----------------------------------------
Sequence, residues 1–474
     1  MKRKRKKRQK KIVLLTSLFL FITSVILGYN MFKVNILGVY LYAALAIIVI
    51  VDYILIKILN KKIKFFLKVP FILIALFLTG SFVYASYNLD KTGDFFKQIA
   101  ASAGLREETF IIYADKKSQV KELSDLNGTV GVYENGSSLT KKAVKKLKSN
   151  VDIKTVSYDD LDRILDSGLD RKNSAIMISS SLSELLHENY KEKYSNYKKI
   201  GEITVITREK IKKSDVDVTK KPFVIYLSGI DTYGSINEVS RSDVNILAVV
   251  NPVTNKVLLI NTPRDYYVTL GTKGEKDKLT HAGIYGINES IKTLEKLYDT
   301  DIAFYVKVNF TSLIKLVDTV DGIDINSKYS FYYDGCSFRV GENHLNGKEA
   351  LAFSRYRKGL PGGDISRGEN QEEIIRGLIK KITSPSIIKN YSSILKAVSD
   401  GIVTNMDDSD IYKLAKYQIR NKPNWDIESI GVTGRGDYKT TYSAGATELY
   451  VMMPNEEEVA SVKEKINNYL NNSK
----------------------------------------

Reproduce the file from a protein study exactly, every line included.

Sequence, residues 1–474
     1  MKRKRKKRQK KIVLLTSLFL FITSVILGYN MFKVNILGVY LYAALAIIVI
    51  VDYILIKILN KKIKFFLKVP FILIALFLTG SFVYASYNLD KTGDFFKQIA
   101  ASAGLREETF IIYADKKSQV KELSDLNGTV GVYENGSSLT KKAVKKLKSN
   151  VDIKTVSYDD LDRILDSGLD RKNSAIMISS SLSELLHENY KEKYSNYKKI
   201  GEITVITREK IKKSDVDVTK KPFVIYLSGI DTYGSINEVS RSDVNILAVV
   251  NPVTNKVLLI NTPRDYYVTL GTKGEKDKLT HAGIYGINES IKTLEKLYDT
   301  DIAFYVKVNF TSLIKLVDTV DGIDINSKYS FYYDGCSFRV GENHLNGKEA
   351  LAFSRYRKGL PGGDISRGEN QEEIIRGLIK KITSPSIIKN YSSILKAVSD
   401  GIVTNMDDSD IYKLAKYQIR NKPNWDIESI GVTGRGDYKT TYSAGATELY
   451  VMMPNEEEVA SVKEKINNYL NNSK